3) Trapping an enemy. Some enemies can be trapped by the line they are standing on. The user will trap an enemy by putting two fingers on the line, one on each side of the enemy. The user will then bring the two fingers together, pinching the line between his fingers and making it into a pouch containing the enemy inside it.
4) Earthquake. A set number of times in each level, the user can use the earthquake attack. The user will put two fingers on the line, each on the opposite side of the screen and move his fingers up and down in opposite directions. This will create an earthquake that will make the entire game area shake, disposing of all enemies on screen.

The game can also be played by a number of players in a number of different modes. For example:

Competitive mode. Two players can play against each other via wireless, with one player manipulating the terrain to create obstacles in the character's path while the other manipulates the terrain to remove them.

Cooperative mode. Two players can play together via wireless, guiding the same character to the ends of the level. Obstacles can be divided between the two with some obstacles requiring the two players to make a gesture at the same time.

Other Uses for the Gameplay:

The basic interaction that is made possible by the invention can be used in many different type of games. Illustrative examples include:

RACING: Instead of manipulating the car itself the user manipulates the terrain, making the car go faster if he raises a hill behind it or slower if he lowers the terrain to create a valley. The user can also raise the terrain on the sides of the car to make it turn left or right.

The same dynamic can be used in a 2-player racing game where one player tries to drive the car around an area while the other player manipulates the terrain in real time to create obstacles.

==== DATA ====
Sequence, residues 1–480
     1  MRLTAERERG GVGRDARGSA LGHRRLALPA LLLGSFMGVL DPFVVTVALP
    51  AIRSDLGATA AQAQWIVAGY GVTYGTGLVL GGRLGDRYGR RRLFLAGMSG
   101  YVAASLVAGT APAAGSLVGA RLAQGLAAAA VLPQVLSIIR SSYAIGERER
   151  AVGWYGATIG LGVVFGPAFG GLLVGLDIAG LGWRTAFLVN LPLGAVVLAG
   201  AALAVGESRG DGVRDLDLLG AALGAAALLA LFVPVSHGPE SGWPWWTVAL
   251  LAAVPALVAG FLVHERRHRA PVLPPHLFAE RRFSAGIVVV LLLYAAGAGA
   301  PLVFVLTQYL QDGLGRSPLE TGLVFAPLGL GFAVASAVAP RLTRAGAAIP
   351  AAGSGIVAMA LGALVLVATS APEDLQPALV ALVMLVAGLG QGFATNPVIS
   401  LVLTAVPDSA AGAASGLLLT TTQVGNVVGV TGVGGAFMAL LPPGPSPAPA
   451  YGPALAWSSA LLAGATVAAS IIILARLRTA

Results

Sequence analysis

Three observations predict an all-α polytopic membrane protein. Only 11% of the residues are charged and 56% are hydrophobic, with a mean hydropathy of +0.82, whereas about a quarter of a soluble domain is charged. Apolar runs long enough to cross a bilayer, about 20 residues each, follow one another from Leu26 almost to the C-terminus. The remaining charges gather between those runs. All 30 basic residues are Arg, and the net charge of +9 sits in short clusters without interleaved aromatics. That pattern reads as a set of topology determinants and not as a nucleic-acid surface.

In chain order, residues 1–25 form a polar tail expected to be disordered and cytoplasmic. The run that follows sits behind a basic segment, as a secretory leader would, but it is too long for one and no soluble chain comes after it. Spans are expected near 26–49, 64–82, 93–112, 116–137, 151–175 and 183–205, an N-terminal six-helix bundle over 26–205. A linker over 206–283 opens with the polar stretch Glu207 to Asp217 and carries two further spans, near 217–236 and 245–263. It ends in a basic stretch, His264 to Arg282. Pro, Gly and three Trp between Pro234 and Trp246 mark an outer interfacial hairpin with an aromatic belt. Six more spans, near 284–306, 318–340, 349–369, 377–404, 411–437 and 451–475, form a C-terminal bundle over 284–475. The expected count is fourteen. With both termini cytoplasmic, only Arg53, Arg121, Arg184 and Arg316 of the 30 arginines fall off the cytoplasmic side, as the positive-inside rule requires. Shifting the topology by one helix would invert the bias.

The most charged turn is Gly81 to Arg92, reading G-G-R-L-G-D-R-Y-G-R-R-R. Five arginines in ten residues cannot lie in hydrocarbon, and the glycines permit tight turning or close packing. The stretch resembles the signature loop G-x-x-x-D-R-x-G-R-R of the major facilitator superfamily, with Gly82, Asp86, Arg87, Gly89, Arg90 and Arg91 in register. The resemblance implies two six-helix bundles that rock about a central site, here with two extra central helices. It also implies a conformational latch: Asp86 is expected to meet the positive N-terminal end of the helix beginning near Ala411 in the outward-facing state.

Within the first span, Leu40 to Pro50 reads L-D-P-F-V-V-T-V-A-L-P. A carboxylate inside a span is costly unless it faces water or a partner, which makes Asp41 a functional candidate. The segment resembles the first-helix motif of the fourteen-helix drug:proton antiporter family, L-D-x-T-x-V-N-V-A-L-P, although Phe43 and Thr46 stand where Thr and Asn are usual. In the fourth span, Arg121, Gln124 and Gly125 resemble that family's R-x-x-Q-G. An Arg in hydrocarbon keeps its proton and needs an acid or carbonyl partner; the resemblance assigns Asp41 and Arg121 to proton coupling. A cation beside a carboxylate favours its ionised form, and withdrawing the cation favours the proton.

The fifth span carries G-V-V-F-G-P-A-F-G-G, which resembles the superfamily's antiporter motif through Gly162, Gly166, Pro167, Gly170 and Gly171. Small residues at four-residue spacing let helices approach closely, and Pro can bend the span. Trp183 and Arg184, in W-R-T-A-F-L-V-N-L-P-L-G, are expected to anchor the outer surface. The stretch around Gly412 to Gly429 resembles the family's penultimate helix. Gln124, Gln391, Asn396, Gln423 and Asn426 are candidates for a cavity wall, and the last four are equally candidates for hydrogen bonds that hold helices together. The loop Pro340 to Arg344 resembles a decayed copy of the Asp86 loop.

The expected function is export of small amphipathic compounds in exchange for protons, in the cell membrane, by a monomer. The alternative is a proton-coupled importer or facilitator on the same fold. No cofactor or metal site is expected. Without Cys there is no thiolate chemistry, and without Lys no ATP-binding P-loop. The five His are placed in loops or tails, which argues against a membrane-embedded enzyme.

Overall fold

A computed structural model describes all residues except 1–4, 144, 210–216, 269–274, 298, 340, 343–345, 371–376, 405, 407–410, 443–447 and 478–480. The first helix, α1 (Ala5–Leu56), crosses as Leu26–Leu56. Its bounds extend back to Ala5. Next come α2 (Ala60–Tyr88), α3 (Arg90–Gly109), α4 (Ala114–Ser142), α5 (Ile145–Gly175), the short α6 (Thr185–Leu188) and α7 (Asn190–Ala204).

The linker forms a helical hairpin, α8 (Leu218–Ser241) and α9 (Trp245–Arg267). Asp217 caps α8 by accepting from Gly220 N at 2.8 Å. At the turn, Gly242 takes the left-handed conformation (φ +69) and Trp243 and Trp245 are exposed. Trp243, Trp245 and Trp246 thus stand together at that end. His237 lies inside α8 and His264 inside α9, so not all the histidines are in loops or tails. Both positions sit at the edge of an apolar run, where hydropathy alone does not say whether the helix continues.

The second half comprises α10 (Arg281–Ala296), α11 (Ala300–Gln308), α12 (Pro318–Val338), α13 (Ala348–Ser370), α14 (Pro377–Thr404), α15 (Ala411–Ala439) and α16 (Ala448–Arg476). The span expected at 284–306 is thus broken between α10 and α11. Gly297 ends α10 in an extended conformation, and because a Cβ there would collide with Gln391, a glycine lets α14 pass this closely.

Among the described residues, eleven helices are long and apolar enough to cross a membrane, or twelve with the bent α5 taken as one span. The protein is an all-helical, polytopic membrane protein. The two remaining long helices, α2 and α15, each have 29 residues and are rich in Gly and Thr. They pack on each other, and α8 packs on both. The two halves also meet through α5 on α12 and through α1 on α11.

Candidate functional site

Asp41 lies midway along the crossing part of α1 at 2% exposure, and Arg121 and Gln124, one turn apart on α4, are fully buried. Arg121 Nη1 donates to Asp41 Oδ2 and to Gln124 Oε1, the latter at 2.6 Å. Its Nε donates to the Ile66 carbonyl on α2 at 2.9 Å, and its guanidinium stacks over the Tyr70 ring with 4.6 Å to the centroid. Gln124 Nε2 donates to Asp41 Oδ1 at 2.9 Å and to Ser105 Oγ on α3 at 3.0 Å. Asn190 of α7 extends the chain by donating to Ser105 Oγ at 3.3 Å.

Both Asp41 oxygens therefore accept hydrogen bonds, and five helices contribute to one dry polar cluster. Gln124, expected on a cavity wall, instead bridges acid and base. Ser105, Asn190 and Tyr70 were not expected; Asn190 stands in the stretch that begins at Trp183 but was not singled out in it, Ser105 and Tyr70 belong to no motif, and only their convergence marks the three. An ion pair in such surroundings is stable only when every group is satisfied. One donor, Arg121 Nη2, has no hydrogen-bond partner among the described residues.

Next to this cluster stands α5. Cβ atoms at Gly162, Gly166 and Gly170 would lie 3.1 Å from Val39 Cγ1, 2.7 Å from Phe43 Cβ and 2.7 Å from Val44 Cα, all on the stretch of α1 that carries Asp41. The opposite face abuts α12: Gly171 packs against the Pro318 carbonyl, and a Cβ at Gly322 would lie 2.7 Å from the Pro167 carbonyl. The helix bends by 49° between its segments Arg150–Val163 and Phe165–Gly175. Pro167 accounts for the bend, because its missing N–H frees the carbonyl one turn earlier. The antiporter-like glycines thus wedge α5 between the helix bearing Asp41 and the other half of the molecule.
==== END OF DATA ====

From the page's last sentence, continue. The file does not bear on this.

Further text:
SKI: A character skies downhill while the player manipulates the world around it making it go faster and slower, dodge obstacles and go left and right.

STRATEGY GAME: The user can directly control the terrain of the level to make advancement of his opponents difficult. This can be either done in advance, with each side changing the terrain to create geographical obstacles or in real time with each user changing the terrain to trap (turn the flat plain they are standing on to a mountain or a deep valley) or put obstacles in his opponents way.

PUZZLE GAME: As a marble starts rolling the user has to manipulate the game world to guide it to the end of the level. Creating hills and craters, creating holes and bouncing the marble against the walls.

As will be apparent to the skilled person from the description given above, the invention provides a novel interaction method which affords a user experience which is much more intense than available according to the prior art.

All the above description of preferred embodiments has been provided for the purpose of illustration and is not intended to limit the invention in any way. Many modifications can be carried out to the above, without exceeding the scope of the invention.